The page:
In addition to the scheduled and extra freight trains a number of “locals” were operated.  On a less than regular basis a train was dispatched out the A&W tracks (Arkansas & Western) to work some plants located to the east.  Some of the locals serviced coal mines north and west of Heavener while at least one went to the marble quarry at Marble City north of Sallisaw.  Another train worked the creosote plant and feed mills near Fort Smith and Van Buren.  The ones to Fort Smith were operated over the tracks of the Fort Smith & Van Buren Railway, a subsidiary of the KCS. (In 1939 the Fort Smith & Van Buren acquired the original portion of the Fort Smith and Western line from Coal Creek to McCurtain and the balance of the line west from McCurtain to Guthrie was scrapped.) When the call went out to the crews the local trains were referred to simply as locals or dodgers while the Fort Smith run was usually spoken of as the FS and VB.  The name “dodger” was fairly unique to the KCS and referred to the actions the local had to take when on the main line, i.e., “dodge” the passenger and scheduled freight trains.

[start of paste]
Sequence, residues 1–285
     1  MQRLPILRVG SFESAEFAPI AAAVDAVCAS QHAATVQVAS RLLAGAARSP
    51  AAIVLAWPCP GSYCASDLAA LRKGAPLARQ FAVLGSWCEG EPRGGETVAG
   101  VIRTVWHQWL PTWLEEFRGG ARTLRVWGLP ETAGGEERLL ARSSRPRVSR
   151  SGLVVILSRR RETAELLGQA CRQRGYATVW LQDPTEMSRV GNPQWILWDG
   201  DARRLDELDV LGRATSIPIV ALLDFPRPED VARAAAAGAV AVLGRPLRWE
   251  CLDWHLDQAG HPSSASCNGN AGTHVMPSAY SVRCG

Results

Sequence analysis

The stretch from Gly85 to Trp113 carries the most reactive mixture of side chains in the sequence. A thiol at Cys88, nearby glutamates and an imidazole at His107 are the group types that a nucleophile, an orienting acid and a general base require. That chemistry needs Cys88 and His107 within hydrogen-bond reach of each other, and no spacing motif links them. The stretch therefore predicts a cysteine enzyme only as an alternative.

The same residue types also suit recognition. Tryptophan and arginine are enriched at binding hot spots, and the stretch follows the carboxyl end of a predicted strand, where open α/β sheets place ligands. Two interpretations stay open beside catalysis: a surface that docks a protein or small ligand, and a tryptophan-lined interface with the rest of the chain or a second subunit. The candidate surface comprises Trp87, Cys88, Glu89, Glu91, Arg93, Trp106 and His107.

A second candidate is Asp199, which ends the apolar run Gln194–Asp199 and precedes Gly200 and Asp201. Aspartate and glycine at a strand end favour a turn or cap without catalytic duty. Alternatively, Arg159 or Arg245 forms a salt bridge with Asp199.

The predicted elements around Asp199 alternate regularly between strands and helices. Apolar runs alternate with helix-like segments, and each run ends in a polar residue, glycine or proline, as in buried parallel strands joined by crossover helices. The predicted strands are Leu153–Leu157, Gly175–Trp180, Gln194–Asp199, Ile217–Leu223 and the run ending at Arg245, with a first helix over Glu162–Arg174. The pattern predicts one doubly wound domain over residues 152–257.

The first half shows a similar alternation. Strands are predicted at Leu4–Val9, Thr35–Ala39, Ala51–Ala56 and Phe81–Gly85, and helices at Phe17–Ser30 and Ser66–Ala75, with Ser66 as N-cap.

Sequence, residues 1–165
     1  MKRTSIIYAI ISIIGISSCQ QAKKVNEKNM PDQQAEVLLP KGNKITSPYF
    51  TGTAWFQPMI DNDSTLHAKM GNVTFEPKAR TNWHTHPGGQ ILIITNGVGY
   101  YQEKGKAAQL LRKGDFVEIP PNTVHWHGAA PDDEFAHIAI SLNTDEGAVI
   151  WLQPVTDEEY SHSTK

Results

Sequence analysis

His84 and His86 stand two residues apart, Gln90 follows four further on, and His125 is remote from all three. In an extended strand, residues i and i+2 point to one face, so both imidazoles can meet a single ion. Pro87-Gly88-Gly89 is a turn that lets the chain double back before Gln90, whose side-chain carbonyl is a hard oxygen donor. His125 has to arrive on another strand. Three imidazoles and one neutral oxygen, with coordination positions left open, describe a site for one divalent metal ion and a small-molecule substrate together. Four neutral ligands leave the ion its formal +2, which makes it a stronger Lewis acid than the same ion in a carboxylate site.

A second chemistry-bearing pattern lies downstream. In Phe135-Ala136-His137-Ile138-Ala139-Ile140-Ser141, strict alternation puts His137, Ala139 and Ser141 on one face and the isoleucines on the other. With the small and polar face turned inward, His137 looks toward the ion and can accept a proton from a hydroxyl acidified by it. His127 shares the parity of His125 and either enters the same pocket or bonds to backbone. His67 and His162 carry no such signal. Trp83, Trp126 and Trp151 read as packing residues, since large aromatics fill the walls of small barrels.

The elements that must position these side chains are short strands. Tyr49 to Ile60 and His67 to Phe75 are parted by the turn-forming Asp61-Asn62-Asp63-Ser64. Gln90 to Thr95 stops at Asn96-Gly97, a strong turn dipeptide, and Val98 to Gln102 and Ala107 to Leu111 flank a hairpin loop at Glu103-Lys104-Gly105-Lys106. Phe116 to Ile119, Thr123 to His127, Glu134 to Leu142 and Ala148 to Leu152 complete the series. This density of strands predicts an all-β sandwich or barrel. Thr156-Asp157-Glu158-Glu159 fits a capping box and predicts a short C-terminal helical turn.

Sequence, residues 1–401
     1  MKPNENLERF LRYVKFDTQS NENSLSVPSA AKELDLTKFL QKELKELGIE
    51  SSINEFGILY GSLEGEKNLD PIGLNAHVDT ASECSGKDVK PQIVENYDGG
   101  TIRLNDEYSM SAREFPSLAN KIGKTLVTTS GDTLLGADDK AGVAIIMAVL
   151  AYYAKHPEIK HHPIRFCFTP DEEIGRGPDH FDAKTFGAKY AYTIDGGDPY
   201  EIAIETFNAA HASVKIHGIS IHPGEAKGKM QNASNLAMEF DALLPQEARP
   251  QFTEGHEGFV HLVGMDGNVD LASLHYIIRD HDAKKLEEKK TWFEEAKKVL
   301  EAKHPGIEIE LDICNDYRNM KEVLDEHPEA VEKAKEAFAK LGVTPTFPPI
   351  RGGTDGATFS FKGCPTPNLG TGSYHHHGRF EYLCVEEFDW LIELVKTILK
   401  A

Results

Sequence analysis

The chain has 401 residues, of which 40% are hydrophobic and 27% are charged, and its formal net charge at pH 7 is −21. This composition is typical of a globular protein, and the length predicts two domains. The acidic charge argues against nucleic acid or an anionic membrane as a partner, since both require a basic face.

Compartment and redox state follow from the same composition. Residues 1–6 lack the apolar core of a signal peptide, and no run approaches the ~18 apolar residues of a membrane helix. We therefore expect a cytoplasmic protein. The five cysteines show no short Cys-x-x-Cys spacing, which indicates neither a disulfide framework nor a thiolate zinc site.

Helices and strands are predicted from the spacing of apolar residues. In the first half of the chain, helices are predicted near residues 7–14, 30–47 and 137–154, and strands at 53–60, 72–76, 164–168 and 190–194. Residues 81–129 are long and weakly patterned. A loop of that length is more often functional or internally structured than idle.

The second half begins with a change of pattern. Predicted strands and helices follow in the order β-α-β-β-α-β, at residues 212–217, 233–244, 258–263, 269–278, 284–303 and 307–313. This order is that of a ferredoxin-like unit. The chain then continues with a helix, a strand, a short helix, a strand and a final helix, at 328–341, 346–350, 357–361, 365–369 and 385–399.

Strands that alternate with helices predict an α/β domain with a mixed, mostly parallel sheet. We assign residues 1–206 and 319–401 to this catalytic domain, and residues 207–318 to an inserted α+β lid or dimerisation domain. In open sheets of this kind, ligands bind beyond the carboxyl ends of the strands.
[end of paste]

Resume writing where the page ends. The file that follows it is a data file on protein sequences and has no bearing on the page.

Occasionally my father would make one of the local runs.  In the early summer I would accompany him (quite against regulations, I suppose) in the caboose and be dropped off at a particularly good blackberry site.  I would pick berries until the train came back that way in the late afternoon.  I usually carried a sandwich filled with chopped boiled eggs, potted meat, and mayonnaise and a quart fruit jar of water.  Folklore being what it was in those days I also employed a “sure fire way” to keep chiggers off me.  I wrapped kerosine (Word wants this to be spelled kerosene but I grew up spelling it kerosine—usually we just called it coal oil) soaked rags around my ankles.  I now know that all I accomplished with this approach was to create a slight irritation of the skin but, at the time, I believed it was absolutely correct.

Working on the railroad was a dangerous job.  In addition to the far-too-frequent train wrecks, there were other ways to get hurt or killed.  These dangers caused events that left me with the unpleasant memories I mentioned in the last blog.  In later years I recall one death and one crippling accident.  The cars loaded with marble from the quarry mentioned above were winched out of the quarry using steel cables.  On one occasion the cable broke and struck a man named P.J. Walker across the top of the head causing instantaneous death.  On another occasion Leo Anderson was in the process of kicking the drawbar coupling open on a car about to be coupled to the rest of the train when he got his foot caught between the couplings resulting in the loss of the foot.  Leo’s son was Jim Anderson who started school in 1947 with my class.